The Judge also noted that “whereas reputation can be vindicated by an award of damages, in the sense that the claimant can be restored to the esteem in which he was previously held, that is not possible where embarrassing personal information has been released for general publication. As the media are well aware, once privacy has been infringed, the damage is done and the embarrassment is only augmented by pursuing a court action. Thus, if journalists successfully avoid the grant of an interlocutory injunction, they can usually relax in the knowledge that intrusive coverage of someone’s sex life will carry no adverse consequences for them”. Despite this, he considered that “that the only realistic course is to select a figure which marks the fact that an unlawful intrusion has taken place while affording some degree of solatium to the injured party”. Following this reasoning, he awarded Mr. Mosley GBP60,000.00 in damages and GBP420,000.00 in costs and granted a final injunction.
Despite receiving this award, Mr. Mosley considered that the U.K had failed its duty to protect his privacy by not imposing on the publishers a requirement that subjects be notified before an article concerning their private life is published. Because of this, he brought an application before the European Court of Human Rights where the Fourth Section issued a decision on May 10, 2011.
The issue for the Fourth Section of the European Court of Human Rights to decide was whether States had an obligation under Article 8 of the ECHR to require publishers to notify subjects before an article concerning their private life was published.
Max Mosley (the applicant) argued that, in order to protect his privacy, the U.K. “had an obligation to enable him to apply for an injunction by requiring that he be notified prior to publication of an article which interfered with his private life”. He further argued: (1) that the lack of a prior notification requirement encouraged editors not to notify subjects as subjects would be unlikely to wish to pursue litigation after publication due to fear of attracting further attention to the embarrassing or damaging information; (2) that a system where the balancing between the rights to freedom of expression and to private life only took place after publication did not afford sufficient protection to privacy as, once lost, privacy could not be regained; (3) that notification before publishing was one of the requirements of responsible journalism; (4) that States had a margin of appreciation regarding the precise scope and mechanics of a pre-notification system but not as to whether to require notification or not; and (5) that the practical difficulties States could face in enforcing a prior-notification system and developing an adequate system of exceptions for it could not justify not establishing one.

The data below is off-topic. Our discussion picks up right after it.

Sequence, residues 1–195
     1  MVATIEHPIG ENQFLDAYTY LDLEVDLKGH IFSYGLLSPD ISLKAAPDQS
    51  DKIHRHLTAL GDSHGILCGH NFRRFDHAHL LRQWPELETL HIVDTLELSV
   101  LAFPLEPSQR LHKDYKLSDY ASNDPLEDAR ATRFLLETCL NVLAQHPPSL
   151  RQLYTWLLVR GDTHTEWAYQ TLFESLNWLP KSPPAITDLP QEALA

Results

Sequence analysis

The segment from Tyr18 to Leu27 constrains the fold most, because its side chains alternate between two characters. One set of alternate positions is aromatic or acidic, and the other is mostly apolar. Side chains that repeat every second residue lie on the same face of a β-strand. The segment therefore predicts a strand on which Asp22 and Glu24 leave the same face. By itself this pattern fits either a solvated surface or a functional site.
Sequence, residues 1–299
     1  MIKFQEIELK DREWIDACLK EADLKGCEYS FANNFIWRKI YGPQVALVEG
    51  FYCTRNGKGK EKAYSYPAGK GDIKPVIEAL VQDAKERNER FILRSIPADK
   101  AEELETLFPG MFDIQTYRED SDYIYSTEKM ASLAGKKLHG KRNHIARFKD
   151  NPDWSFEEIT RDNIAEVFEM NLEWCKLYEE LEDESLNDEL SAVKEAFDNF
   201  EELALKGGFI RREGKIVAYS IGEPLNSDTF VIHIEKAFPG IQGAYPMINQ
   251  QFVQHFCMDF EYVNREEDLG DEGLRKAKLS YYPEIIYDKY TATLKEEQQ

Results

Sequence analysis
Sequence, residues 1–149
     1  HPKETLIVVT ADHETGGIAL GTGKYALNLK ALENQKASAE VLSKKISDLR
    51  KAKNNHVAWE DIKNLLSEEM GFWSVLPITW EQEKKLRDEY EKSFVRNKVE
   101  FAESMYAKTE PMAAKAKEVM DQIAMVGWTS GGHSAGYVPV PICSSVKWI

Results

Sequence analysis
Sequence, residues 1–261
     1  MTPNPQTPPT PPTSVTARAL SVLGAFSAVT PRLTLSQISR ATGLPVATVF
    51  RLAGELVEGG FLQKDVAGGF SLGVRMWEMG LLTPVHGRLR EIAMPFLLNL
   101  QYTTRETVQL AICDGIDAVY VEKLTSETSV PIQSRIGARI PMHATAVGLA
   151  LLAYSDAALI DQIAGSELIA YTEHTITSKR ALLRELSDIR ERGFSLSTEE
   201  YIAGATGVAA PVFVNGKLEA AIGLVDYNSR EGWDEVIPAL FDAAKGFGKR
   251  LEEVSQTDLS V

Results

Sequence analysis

The government of the U.K., on its part, argued that its positive obligation to protect the applicant´s privacy did not require it to subject publishers to a legally binding prior-notification requirement. It further argued: (1) that an unavoidable consequence of a prior-notification requirement would be an increase in the number of interim injunctions granted in detriment of freedom of expression; (2) that compulsory notification would be contrary to the internationally accepted standards set by the Council of Europe; (3) that there were insuperable difficulties for imposing a legal pre-notification requirement including in defining the scope of the obligation, the categories of press and media that would be subjected to it, and the cases in a which a public interest exception would apply.
The ECtHR began its analysis by acknowledging that the case before it had “resulted in a flagrant and unjustified invasion of the applicant’s private life”. The Court then preceded to review its doctrine concerning the “margin of appreciation” afforded to States in the discharging of their positive obligations under Article 8 of the ECHR. Similarly, the Court reviewed its case-law on freedom of expression highlighting that: “editorial discretion is not unbounded. The press must not overstep the bounds set for, among other things, ‘the protection of … the rights of others’, including the requirements of acting in good faith and on an accurate factual basis and of providing ‘reliable and precise’ information in accordance with the ethics of journalism” and that a less robust protection of freedom of expression applies to “to press reports concentrating on sensational and, at times, lurid news, intended to titillate and entertain, which are aimed at satisfying the curiosity of a particular readership regarding aspects of a person’s strictly private life”.